Do you have a group of people you trust with your deepest, darkest secret—people in front of whom you might allow yourself to be vulnerable? When was the last time you felt like you really belonged?
Did you feel that sense of belonging in your high school soccer team, band or drama club? Did you get that feeling in the midst of a middle school Dungeons and Dragons game?
Do you have a group like that now, where you feel like you truly belong?
Belonging is a mysterious word. It evokes a feeling of comfort, acceptance and security, while it joins the words be and longing—which roughly mean existing, yearning, desire. Curious! Even more curious, though, is the secret to finding a sense of belonging. Let’s examine that secret.
When you think about the last time you felt like you truly belonged, what feelings come to mind? Perhaps you felt a sense of safety and acceptance, a feeling of not being judged.
Most of us come to recognize acceptance after our adolescence as a feeling that cannot be appreciated until we have tasted the risk that comes with self-awareness and a sense of shame. Sometimes, embarrassing moments can best teach the value of a sense of security—the delight in being able to let your guard down in an environment where we feel free from criticism.
Now imagine yourself an adolescent, learning those lessons on the internet—a community with an inescapable, unsleeping, unregulated culture of cutting criticism and censure, providing a disembodied voice to anyone with access to it. Baha’u’llah, when referring to the true seeker, wrote:
For the tongue is a smoldering fire, and excess of speech a deadly poison. Material fire consumeth the body, whereas the fire of the tongue devoureth both heart and soul. – Gleanings from the Writings of Baha’u’llah, p. 265.
The smoldering fire of social media produces shame in such volume and intensity that participants can be emotionally burned and scarred beyond recognition. Social media, then, with its rampant criticism, has afflicted us with a crisis of belonging. We turn to it for community, but find little comfort or kindness there.
But there is hope! What is culture, but a series of repeated behaviors? The Baha’i Faith includes many teachings promoting a sense of belonging. For example, the Baha’i teachings strongly discourage shaming others with harsh criticism and advocate for developing a “kindly tongue.” In his Most Holy Book, Baha’u’llah wrote:
In truth, the hearts of men are edified through the power of the tongue, even as houses and cities are built up by the hand and other means. We have assigned to every end a means for its accomplishment; avail yourselves thereof, and place your trust and confidence in God, the Omniscient, the All-wise. – p. 77.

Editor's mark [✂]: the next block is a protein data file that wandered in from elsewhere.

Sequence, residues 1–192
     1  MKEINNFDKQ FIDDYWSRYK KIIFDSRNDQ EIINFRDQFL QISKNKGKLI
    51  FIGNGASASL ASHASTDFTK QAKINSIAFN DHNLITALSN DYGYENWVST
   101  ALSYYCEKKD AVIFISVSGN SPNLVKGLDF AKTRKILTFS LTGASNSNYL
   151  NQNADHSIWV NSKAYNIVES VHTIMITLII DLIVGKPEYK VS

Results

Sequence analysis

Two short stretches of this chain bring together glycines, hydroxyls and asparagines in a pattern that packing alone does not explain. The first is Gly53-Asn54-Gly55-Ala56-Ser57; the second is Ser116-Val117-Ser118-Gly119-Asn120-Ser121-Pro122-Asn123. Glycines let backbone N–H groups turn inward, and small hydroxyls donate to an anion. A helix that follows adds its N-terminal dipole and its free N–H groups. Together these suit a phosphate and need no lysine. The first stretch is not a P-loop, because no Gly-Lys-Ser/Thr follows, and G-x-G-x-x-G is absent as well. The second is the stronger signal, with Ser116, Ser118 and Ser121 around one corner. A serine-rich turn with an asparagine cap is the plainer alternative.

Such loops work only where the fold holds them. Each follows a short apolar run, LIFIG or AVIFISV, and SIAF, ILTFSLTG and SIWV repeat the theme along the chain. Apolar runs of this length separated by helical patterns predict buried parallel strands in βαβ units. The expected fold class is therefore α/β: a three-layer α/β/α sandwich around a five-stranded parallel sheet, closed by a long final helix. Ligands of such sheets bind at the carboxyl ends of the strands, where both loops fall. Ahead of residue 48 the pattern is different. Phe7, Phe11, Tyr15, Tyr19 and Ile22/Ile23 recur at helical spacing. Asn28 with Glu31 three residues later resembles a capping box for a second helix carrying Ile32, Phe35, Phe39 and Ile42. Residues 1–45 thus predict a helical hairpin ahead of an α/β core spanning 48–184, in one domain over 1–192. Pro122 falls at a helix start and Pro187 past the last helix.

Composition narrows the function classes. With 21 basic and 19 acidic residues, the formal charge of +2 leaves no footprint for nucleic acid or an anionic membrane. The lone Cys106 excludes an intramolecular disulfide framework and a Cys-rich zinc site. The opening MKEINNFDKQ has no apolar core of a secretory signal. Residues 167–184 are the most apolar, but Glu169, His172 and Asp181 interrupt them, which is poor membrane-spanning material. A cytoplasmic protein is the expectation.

The Baha’i teachings warn everyone not to treat any other soul in unkind ways:
Consort with all men … in a spirit of friendliness and fellowship. If ye be aware of a certain truth, if ye possess a jewel, of which others are deprived, share it with them in a language of utmost kindliness and goodwill. If it be accepted, if it fulfill its purpose, your object is attained. If anyone should refuse it, leave him unto himself, and beseech God to guide him. Beware lest ye deal unkindly with him. A kindly tongue is the lodestone of the hearts of men. It is the bread of the spirit, it clotheth the words with meaning, it is the fountain of the light of wisdom and understanding. – Baha’u’llah, Epistle to the Son of the Wolf, p. 15.
Nothing promotes that sort of kindness and wisdom more than face-to-face gatherings, where people can socialize and be socialized. The Baha’i community Feast—a meeting held every 19 days in every Baha’i community—offers a regular opportunity to gather, share and socialize with fellow believers. Much more than just a worship service, it provides a wonderful, built-in opportunity to pray and read from sacred writings together, to consult frankly and forthrightly with each other, and to be with souls who try their best to refrain from criticism and practice acceptance:
As to the Nineteen Day Feast, it rejoiceth mind and heart. If this feast be held in the proper fashion, the friends will, once in nineteen days, find themselves spiritually restored, and endued with a power that is not of this world. – Abdu’l-Baha, Selections from the Writings of Abdu’l-Baha, p. 91.
So how can we each find acceptance and belonging? How can we meet and build a coalition of close, true friends to create a sense of belonging?
In any group, you only have control over one person: yourself. That means the creation of a sense of belonging begins with you; that is, you must consistently try to practice these key Baha’i teachings of a moderate and kindly tongue, of refraining from criticizing others, and of forbearance—not taking offense:
Show forbearance and benevolence and love to one another. Should any one among you be incapable of grasping a certain truth, or be striving to comprehend it, show forth, when conversing with him, a spirit of extreme kindliness and good-will. Help him to see and recognize the truth, without esteeming yourself to be, in the least, superior to him, or to be possessed of greater endowments. – Baha’u’llah, Gleanings from the Writings of Baha’u’llah, p. 8.
To keep aloof from people, to shun them, to be harsh with them, will make them shrink away, while affection and consideration, mildness and forbearance will attract their hearts toward God. – Abdu’l-Baha, The Secret of Divine Civilization, p. 54.
Some groups may never coalesce into unity, inclusion and a sense of belonging. But when a group of people begin with spiritual teachings that prohibit backbiting and harsh personal criticism; when they encourage kindness and compassion, and when they show forbearance, the journey toward community and belonging becomes a much easier one.